Arts and media are not typically seen as being a part of the mainstream, middle American economy. [Given the long postwar prevalence of Hollywood, American broadcast television, and the recording industry, and the coupling of marketing and public discourse I happen to think this claim is at least debatable --d] But a vast number of industries are going to be subject to the disruption that has become the norm in media. In 50 years, there will be no such thing as a cabbie. The steady job that offered stable wages to thousands of new immigrants in urban locales will be gone. Bank tellers and nurses and elementary school teachers and journalists aren’t safe, either. For years, medicine has been trumpeted as a safe haven from unemployment. But the high-price of health care may drive the development of technological substitutes. Are doctors and nurse’s aides going to be replaced by robots in the next 50 years? I don’t know, but to not worry about it—to continue to push more and more young graduates into the medical field out of a conviction that it represents a safe harbor? That just seems foolish and potentially cruel.
Now, I am the last person to deny the recklessly destructive enthusiasm for MOOCs in today's corporatized and on a respirator Academy. But the simple fact is that while it is easy to understand why a businessman administrator thinks it would be awesome to turn teaching into a television program that can be profitably re-run forever without cost, it remains true that education doesn't actually work that way and hence the Academy can never be profitable in the way businessmen like things to be profitable and pretending otherwise just means that letting businessmen run the Academy will only destroy the Academy (which is still necessary to a working civilization which means, in turn, that it will be saved from destruction right in the nick of time or it will have to be re-built after it is destroyed by people who actually understand what is going on).

As somebody who has spent the last two decades deriding the serially failed predictions of facile futurologists let me point out to Mr. Deboer -- who shows all the signs of being a relative newcomer to this discursive field and hence to take it more seriously on its own terms than it deserves, even if he also shows signs of very healthy skepticism and outrage about many of its assumptions -- that although it is true that wide-eyed venture capitalists and would-be celebrity CEOs and pampered pseudo-intellectuals in positions of government may indeed wreak no small amount of havoc on the basis of thinking otherwise, actually there is absolutely no reason in the world to assume that cabbies, nurses, or teachers are about to be replaced by driverless cars or intelligent robots or syndicated infotainment television shows. This matters.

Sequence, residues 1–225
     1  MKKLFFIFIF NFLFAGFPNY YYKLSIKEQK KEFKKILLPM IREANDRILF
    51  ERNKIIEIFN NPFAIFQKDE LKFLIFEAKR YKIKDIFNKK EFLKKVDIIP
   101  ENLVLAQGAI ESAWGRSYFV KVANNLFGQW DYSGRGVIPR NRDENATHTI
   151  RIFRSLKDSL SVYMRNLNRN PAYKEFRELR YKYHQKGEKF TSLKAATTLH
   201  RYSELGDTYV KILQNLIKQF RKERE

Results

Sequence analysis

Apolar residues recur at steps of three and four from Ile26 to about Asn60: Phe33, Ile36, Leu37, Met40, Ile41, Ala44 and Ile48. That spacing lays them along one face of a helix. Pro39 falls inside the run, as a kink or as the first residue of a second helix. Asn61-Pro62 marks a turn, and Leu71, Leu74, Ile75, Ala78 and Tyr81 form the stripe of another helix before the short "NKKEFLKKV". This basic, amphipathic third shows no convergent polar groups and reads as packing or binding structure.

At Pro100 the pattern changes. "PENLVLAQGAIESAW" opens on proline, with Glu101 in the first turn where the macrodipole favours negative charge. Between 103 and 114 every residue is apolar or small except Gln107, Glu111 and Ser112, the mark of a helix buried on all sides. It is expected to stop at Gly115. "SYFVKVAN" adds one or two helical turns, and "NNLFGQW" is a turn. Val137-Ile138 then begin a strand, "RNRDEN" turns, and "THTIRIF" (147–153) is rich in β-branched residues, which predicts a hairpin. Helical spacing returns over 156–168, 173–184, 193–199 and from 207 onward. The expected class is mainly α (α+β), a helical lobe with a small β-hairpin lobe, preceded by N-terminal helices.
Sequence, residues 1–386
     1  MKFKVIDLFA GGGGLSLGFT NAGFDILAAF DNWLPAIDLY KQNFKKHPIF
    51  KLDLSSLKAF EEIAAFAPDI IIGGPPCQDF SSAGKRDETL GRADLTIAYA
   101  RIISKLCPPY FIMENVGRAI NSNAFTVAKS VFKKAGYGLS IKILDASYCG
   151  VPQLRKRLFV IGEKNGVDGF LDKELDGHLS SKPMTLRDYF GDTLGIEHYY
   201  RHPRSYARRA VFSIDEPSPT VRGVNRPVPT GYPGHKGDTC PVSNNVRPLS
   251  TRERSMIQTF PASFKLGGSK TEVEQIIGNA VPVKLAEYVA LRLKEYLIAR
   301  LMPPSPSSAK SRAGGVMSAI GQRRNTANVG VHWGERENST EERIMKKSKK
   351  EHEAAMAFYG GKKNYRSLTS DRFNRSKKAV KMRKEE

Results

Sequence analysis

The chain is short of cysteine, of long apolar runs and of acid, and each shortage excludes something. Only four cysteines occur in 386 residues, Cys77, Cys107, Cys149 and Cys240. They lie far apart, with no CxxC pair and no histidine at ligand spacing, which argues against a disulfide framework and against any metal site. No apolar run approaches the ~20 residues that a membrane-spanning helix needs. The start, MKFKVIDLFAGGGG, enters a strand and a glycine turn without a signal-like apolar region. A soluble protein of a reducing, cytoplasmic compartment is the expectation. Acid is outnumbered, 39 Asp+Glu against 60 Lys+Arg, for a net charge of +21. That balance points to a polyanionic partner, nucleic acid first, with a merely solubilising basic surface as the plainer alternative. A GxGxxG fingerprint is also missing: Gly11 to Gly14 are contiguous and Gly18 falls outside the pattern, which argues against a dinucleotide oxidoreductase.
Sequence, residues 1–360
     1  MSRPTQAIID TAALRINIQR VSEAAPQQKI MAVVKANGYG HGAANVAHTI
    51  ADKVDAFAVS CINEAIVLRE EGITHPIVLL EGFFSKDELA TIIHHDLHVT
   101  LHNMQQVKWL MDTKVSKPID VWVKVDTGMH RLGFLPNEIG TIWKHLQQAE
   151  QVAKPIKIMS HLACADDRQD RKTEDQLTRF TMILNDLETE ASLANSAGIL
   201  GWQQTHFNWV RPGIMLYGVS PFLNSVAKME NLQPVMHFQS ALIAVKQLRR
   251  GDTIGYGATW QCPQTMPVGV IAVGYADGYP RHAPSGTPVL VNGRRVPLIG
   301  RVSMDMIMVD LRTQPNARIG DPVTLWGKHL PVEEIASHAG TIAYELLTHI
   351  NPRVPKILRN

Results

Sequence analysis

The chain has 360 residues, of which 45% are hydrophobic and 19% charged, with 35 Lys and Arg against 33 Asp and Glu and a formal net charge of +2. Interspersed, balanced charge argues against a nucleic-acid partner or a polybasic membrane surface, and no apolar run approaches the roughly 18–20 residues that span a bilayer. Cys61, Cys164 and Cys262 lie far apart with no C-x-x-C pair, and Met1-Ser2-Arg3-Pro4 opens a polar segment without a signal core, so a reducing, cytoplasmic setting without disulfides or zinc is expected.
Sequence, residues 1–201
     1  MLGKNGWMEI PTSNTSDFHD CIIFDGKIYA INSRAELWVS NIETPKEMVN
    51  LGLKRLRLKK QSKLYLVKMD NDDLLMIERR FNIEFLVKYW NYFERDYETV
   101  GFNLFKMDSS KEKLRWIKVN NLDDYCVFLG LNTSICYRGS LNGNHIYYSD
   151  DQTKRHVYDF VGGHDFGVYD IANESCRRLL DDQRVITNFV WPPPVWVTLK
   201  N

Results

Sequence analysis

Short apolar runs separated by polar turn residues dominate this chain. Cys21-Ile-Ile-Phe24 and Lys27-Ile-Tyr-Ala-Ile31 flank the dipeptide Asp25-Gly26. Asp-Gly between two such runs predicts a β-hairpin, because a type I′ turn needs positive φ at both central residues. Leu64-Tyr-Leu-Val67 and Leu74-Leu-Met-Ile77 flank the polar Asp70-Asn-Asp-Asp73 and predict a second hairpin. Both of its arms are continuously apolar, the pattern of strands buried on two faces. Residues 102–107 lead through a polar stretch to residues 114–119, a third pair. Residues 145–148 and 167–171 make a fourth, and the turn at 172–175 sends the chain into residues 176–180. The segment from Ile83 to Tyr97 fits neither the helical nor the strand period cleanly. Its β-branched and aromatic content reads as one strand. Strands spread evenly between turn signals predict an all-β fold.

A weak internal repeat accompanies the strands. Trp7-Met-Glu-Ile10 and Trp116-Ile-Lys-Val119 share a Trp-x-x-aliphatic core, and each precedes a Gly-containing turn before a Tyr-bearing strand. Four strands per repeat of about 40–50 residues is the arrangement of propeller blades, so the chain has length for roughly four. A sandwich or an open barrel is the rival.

It is the furthest thing from foolish and cruel to be training teachers and nurses right about now. The passage of the Affordable Care Act (the actually real result of high health care costs, as against the futurological fantasy of Cylons in sexy nurse outfits) -- and, one hopes, the eventual and continual passage of Medicare expansions, pre-retirement Medicare buy-in, single-payer state systems, more community health clinics, the rollback of right-wing forced-pregnancy overreach and compensatory expansion of family planning clinics, and so on in the coming years, the more and the sooner the better (and there are people working on this, and you should number yourself among them wherever you are situated to do the most good) -- actually suggests that we should be training far more nurses and healthcare providers than we are at present, and expanding their role and compensation to reflect their very real competence in contemporary medical practice. A world that seeks to replace nurses and teachers with robots is a world that simply won't work and if that is the world that is coming there is no end of foolishness and cruelty in view, planning for a sustainable alternative is far from the most foolish or cruel thing we could be doing right now. This is not to say that we should not be worried about the impact of techno-triumphalism on public policy -- but it is to say we shouldn't be worried because the techno-triumphalists are right and the robocalypse is nigh but because they are wrong and we should be focusing on policies to provide real education and healthcare in a equitable way for the good of all, which means a whole lot more public investment and public employment paid for with a whole lot of progressive taxation. (For much more on the arrant nonsense of driverless cars, robots, artificial intelligence and the like I recommend one scroll down to those topics as organized in my Superlative Summary critiquing varieties of futurological foolishness.)